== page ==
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Directors' Perspective: Improving Teacher Preparation for Early Learning Centers

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As a former early learning center director, I found much satisfaction in watching children develop and learn in their daily experiences. As a director, the goal is to send children off to school with the foundational skills they needed to succeed. Now, as an instructor in the Northwestern State University Gateway Program, I experience similar satisfaction-- but now I am preparing the adults who work with children. Seeing teachers try new activities and express delight in children's progress brings me much gratification.

Having conducted classes for adults working toward the Child Development Associate (CDA) for several years, I feel the Louisiana's new Early Childhood Ancillary Certificate expands and strengthens opportunities for those in the early childhood profession. As part of Believe and Prepare: Early Childhood the NSU Gateway Program strives to provide child care teachers the skills needed to provide high quality care to children throughout North Louisiana. Our program provides teachers several options to obtain their Early Childhood Ancillary Certificate. They can attend face-to-face or online courses that are designed to complement the coaching and onsite support teachers receive.  

Directors who have teachers enrolled in our program tell me about the positive impact this program is having on their teaching staff and center. For example, Charlotte Rogers, director of First Beginnings, recently told us she sees increased enthusiasm in her teaching staff. She said that she shares information about staff working toward the Ancillary Certificate with families.

Cora Pineset, of the Caddo Community Action Agency, said that this program has been a blessing for her teachers. "They have more confidence and self-esteem, use a lot of early childhood terminology, and have learned different ways to engage children." Another director, Susan Lanier, St. Pius X Child Development Center, says that one enrolled teacher has begun making lesson plans ahead of time and another has learned how to provide more options for her one-year-olds to play and explore. Directors have noticed their teachers developing understanding of the social, emotional, cognitive, and physical needs of children throughout developmental stages.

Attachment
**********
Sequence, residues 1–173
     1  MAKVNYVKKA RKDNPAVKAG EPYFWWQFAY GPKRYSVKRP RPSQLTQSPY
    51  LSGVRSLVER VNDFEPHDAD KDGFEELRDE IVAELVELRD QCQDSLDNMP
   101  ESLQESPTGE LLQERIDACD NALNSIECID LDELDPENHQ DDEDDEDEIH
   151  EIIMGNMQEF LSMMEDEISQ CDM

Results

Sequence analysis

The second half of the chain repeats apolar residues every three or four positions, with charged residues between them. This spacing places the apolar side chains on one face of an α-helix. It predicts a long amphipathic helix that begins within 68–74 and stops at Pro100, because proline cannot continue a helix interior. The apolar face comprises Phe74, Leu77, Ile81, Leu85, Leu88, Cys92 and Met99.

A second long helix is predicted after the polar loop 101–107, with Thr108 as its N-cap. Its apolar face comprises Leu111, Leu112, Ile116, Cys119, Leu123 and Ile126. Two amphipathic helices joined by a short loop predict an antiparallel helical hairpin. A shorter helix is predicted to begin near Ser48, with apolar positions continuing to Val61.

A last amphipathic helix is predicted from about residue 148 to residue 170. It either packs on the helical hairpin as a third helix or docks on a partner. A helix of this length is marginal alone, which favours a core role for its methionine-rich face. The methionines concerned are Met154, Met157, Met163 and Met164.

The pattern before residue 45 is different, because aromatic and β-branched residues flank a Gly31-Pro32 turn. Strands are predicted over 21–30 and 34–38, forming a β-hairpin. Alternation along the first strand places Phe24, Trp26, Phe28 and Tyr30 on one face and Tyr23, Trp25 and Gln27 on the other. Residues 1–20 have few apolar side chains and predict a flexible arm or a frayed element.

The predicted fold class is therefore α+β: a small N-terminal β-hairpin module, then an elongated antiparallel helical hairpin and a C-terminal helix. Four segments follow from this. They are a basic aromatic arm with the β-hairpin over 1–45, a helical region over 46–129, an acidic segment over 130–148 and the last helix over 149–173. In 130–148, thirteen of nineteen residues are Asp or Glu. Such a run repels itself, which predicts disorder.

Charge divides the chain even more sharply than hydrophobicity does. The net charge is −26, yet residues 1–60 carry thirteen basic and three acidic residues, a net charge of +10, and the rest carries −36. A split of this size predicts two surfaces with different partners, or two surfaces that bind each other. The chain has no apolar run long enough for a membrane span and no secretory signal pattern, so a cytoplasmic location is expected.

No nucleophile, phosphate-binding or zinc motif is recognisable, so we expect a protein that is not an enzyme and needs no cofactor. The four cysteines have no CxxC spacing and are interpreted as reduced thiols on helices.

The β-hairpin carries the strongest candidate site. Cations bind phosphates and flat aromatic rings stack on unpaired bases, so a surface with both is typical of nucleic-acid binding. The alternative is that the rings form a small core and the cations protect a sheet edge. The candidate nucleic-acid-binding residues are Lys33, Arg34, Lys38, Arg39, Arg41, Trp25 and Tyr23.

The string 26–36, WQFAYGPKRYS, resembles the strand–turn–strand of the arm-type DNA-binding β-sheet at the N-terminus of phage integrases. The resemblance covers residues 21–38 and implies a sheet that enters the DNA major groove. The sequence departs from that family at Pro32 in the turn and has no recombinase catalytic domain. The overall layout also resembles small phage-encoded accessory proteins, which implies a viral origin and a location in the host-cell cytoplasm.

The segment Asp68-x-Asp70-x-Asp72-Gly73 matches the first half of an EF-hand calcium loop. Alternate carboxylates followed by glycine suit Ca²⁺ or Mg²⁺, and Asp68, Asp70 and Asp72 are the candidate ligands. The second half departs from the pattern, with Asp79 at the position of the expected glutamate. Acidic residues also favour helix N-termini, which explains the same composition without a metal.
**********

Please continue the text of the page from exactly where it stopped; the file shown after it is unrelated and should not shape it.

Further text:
When I hear testimony from the directors supervising our enrolled teachers it reiterates the benefits of this program. Knowledge is the key unlocking each teachers potential for providing the highest level of quality care.

Recently our classes took a "field trip" to SciPort, the children's science museum for hands on experience in preparing for and evaluating field trips for children. When the teachers arrived, they surprised the instructors by wearing matching t-shirts. They were excited about the comradery they share in this common goal of achieving their Early Childhood Ancillary Certificate. One class' shirts had, "We Came, We Conquered" on the front. The other class had, "Believe & Achieve" on theirs. This is what this group of teachers believe will be their success story. They are looking forward to May and are planning a graduation ceremony to celebrate their achievement. I cannot wait to stand and cheer for each and every one as they receive their certificates. Each small success for them is a huge step in ensuring positive outcomes for Louisiana's children. 

Kim Duncan

Child Care Specialist

Northwestern State University Gateways Program

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